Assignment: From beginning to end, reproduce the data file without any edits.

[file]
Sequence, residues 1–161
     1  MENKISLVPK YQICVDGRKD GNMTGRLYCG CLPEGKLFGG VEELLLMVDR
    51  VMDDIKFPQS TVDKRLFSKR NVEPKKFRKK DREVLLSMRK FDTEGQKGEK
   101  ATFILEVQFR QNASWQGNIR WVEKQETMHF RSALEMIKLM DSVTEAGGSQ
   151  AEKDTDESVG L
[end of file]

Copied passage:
Sequence, residues 1–161
     1  MENKISLVPK YQICVDGRKD GNMTGRLYCG CLPEGKLFGG VEELLLMVDR
    51  VMDDIKFPQS TVDKRLFSKR NVEPKKFRKK DREVLLSMRK FDTEGQKGEK
   101  ATFILEVQFR QNASWQGNIR WVEKQETMHF RSALEMIKLM DSVTEAGGSQ
   151  AEKDTDESVG L